The extension keeps the team at KeyArena through 2028 and also has a provision that would pay the club up to $2.6 million per season if a KeyArena renovation forces it to play elsewhere.
A 10-year lease extension has been approved for the Storm that keeps the WNBA team at KeyArena through 2028 and protects the squad if it has to relocate because of a major NBA/NHL renovation of the facility.
Seattle City Council on Tuesday ratified the new deal by a 7-0 vote. It calls for the Storm to play at KeyArena through Dec. 31, 2028, and provides them up to $2.6 million per season in the event a KeyArena renovation forces the team to play elsewhere.
“We talk at great lengths about the impact and role of the Seattle Storm fans on our franchise success, but in addition to an incredible team, staff and fan base; it takes a robust and reliable partnership with the city you play for and the arena you play in,” Storm President and GM Alisha Valavanis said in a release.
In addition to any relocation money, the city will also pay the team $100,000 annually to compensate for the loss of any long-term sponsorship or advertising deals due to uncertainty over whether KeyArena is to soon undergo a major renovation.
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The Storm’s ownership insists it remains open to playing at a new venue pitched in Sodo District by entrepreneur Chris Hansen if that facility is chosen to become Seattle’s major sports arena. For now, Mayor Ed Murray is to decide within the next two weeks which of two KeyArena renovation proposals to forward to the council for consideration.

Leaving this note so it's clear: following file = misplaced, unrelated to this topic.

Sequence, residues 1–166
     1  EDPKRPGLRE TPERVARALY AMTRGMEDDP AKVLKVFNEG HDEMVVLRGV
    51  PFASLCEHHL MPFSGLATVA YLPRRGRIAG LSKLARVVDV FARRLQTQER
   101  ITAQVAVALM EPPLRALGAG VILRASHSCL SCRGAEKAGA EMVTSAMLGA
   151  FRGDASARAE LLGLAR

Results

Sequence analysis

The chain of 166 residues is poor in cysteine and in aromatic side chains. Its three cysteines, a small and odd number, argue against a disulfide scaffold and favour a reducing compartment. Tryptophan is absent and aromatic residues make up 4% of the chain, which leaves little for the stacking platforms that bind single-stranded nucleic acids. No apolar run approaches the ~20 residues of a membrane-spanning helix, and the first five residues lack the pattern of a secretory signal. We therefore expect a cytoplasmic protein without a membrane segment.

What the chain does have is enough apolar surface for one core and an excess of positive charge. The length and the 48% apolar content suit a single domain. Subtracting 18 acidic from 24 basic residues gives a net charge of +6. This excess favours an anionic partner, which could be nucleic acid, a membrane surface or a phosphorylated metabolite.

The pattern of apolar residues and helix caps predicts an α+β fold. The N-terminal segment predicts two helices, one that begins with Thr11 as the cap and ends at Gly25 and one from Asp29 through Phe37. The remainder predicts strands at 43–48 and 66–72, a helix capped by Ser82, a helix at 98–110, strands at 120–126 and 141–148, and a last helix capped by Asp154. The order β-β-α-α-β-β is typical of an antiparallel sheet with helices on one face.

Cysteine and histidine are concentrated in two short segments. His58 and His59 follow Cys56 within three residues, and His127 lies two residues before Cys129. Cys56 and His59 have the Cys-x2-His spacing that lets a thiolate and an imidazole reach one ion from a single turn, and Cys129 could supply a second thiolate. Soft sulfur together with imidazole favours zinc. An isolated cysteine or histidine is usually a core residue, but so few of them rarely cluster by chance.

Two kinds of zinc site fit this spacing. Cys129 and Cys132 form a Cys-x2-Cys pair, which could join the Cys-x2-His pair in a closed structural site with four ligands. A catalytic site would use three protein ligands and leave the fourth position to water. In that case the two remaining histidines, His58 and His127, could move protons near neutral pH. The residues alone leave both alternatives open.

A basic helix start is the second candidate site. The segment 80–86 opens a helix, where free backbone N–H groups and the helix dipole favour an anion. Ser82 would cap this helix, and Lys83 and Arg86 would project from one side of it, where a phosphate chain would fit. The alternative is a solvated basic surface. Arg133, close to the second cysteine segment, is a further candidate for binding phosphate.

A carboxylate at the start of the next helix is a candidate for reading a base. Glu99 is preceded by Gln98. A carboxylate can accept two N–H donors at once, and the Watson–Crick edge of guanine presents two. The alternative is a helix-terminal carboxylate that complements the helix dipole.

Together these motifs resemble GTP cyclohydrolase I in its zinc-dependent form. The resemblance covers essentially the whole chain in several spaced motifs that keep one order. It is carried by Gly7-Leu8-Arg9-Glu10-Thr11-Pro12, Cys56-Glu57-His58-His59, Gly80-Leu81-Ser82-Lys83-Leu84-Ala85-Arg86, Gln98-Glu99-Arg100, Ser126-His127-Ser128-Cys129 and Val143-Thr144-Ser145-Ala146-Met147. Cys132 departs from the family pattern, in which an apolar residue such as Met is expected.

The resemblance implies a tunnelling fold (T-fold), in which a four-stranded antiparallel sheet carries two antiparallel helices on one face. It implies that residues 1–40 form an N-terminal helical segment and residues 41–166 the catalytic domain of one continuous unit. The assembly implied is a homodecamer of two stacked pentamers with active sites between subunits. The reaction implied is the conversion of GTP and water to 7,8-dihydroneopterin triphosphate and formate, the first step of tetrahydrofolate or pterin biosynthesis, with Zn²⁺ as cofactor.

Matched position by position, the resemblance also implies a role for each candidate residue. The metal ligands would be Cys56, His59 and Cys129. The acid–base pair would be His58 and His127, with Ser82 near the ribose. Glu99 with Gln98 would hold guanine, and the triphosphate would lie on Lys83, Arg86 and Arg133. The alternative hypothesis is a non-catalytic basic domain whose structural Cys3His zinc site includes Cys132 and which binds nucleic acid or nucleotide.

Both the Oak View Group and Seattle Partners have submitted proposals for more than a half-billion dollars apiece. The city council is expected by fall to pick either a to-be-renovated KeyArena as the major arena site, or approve Hansen’s project to move forward.
“Today is a great day for basketball fans in Seattle, as the Seattle Storm will call KeyArena home for the next decade,” Murray said in a release.
• The father of basketball Hall of Famer John Stockton has died. John H. “Jack” Stockton died Saturday at age 89 in Spokane, where he was raised and spent his entire life.
Jack Stockton was a co-founder of Jack and Dan’s tavern, a Spokane institution as a hub for fans of Gonzaga basketball. He sold his share of the bar, located across the street from the Gonzaga campus, in 2006.
The Spokesman-Review reports that the bar was also a gathering place for Utah Jazz fans during John Stockton’s playing days. The elder Stockton attended Gonzaga, where his son starred in college.
• Eight Huskies were named to a Pac-12 baseball all-academic team, including first-team selection John Naff, a senior from Marysville-Pilchuck who has a 3.67 GPA in sociology.
• Everett Silvertips forward Dominic Zwerger has signed a three-year contract…